THE POST-2008 GLOBAL OR­DER

The rising tide of global pop­ulism to­day is a di­rect re­sult of the Great Re­ces­sion

New Straits Times - - OPINION -

MUCH has been writ­ten in the in­ter­na­tional me­dia about events ex­actly 10 years ago with a global fi­nan­cial cri­sis (which, hav­ing orig­i­nated in the West, was nev­er­the­less cu­ri­ously never re­ferred to as the “Western” fi­nan­cial cri­sis) that led to the Great Re­ces­sion.

The causes, scary im­pli­ca­tions and con­se­quences are all well doc­u­mented and re­quire no rep­e­ti­tion here.

It was a near-death ex­pe­ri­ence for the Amer­i­can-led world of global fi­nance, the likes of which we have never wit­nessed since the end of World War Two.

The con­se­quences, not least po­lit­i­cally, are still re­ver­ber­at­ing through­out the world.

It is no hy­per­bole to say that this may one day come to be re­mem­bered as the prox­i­mate point when the rest of the world, and most no­tably China, lost its in­no­cence about the long-per­ceived in­fal­li­bil­ity of Western ideas on how so­ci­eties or­gan­ise them­selves eco­nom­i­cally and po­lit­i­cally.

As Do­minique Strauss-Kahn, who headed the In­ter­na­tional Mon­e­tary Fund at the height of the 2008 fi­nan­cial melt­down, now noted, the rising tide of global pop­ulism to­day, in­clud­ing in the once-thought-to-be ma­ture democ­ra­cies of the West, is a di­rect re­sult of that cri­sis.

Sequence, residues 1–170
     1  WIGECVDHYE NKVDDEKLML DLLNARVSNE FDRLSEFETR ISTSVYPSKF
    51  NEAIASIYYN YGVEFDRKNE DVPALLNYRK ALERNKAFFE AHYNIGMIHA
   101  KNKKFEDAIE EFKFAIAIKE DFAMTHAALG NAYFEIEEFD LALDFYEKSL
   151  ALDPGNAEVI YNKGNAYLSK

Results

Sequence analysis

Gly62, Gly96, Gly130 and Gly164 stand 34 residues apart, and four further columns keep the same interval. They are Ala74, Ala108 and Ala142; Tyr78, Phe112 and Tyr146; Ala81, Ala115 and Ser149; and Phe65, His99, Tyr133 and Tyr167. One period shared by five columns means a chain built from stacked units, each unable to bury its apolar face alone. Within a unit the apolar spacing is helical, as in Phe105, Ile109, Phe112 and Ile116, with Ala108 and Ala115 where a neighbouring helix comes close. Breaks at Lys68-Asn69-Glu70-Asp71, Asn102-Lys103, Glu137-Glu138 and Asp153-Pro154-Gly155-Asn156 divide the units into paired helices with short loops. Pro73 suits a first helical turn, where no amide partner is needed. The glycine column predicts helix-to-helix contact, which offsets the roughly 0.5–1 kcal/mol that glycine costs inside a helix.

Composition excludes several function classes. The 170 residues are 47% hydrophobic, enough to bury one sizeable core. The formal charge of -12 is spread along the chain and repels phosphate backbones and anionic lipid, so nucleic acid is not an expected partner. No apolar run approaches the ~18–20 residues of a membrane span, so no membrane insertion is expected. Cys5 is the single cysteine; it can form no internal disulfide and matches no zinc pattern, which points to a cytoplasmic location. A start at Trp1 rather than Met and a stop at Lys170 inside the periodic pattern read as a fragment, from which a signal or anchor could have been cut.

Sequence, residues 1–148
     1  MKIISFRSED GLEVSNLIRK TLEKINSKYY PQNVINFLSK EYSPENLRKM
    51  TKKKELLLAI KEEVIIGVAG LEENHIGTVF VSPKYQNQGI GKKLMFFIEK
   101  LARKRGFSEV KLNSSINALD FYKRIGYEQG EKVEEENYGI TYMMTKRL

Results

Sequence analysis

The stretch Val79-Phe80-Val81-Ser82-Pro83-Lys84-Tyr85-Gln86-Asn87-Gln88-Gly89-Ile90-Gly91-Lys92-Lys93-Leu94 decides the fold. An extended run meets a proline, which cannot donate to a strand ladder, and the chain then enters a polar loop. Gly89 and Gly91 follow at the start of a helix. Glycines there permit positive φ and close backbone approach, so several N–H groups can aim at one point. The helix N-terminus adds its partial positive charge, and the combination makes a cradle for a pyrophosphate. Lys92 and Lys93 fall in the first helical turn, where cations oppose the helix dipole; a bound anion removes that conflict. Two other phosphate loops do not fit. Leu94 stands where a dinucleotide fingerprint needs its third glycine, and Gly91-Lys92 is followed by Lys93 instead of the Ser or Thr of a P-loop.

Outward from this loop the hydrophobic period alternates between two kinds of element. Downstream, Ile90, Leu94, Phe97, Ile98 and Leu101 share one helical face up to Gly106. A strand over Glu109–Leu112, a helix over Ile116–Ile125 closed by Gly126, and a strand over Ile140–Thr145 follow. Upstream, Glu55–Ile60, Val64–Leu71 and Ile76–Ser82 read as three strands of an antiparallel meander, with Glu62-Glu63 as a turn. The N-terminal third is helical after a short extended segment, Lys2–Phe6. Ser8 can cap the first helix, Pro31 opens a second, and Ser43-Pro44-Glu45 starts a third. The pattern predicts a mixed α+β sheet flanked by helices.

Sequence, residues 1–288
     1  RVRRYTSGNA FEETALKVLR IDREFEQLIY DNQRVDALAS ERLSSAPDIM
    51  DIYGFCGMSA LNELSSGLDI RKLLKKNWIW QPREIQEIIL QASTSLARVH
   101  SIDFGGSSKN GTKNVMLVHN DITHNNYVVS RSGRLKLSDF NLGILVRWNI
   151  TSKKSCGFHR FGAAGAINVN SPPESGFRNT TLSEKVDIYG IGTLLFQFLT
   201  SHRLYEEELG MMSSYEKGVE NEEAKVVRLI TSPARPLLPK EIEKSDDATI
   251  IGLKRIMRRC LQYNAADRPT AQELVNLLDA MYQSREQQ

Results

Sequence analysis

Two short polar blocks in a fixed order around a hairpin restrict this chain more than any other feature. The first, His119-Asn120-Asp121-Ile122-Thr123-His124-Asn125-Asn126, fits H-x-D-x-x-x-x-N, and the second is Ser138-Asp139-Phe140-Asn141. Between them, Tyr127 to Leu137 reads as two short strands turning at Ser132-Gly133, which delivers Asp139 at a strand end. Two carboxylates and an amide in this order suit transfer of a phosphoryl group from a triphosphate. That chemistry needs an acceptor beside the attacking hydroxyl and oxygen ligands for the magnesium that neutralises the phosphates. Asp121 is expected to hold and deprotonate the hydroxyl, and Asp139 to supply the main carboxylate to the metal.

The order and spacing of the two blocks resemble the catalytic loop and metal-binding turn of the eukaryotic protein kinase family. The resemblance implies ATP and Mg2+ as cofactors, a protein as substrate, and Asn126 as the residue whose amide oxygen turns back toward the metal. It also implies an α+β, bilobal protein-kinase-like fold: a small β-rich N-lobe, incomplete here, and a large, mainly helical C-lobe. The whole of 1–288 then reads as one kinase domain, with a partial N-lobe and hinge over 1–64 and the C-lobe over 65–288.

What has par­tic­u­larly struck me is how John Authers, writ­ing in the Fi­nan­cial Times, owned up to sur­pris­ing self-cen­sor­ship a decade ago amid the cri­sis.

As Authers wrote: “The mo­ment came on Sept 17, 2008, two days af­ter Lehman de­clared bank­ruptcy.

“That Wed­nes­day was, for me, the scari­est day of the cri­sis, when world fi­nance came clos­est to all-out col­lapse. But I did not write as much.”

Authers was then in New York City, ground zero of the brew­ing cri­sis. “There was a bank run hap­pen­ing, in New York’s fi­nan­cial district. The peo­ple pan­ick­ing were the Wall Streeters who best un­der­stood what was go­ing on.

“All I needed was to get a photographer to take a few shots of the well-dressed bankers queue­ing for their money….”

“Such a story on the FT’s front page might have been enough to push the sys­tem over the edge. Our read­ers went un­warned, and the sys­tem went without that fi­nal prod into panic.”

Authers jus­ti­fied his partly self­in­ter­ested non-ac­tion then as akin to the right to free speech not in­clud­ing the right to shout fire in a crowded cin­ema.

A fire, of course, might have been started not by a hu­man hand but it is hard to imag­ine a fi­nan­cial firestorm not hav­ing be­ing sparked by one.

Pop­u­lar re­sent­ment about the con­tin­ued lack of full ac­count­abil­ity for who­ever caused the fi­nan­cial cri­sis and with the me­dia that de­cided that the greater pub­lic in­ter­est lay in such me­dia not re­port­ing rather than re­port­ing what was hap­pen­ing, is thus still cours­ing through the Western body politic 10 years hence.

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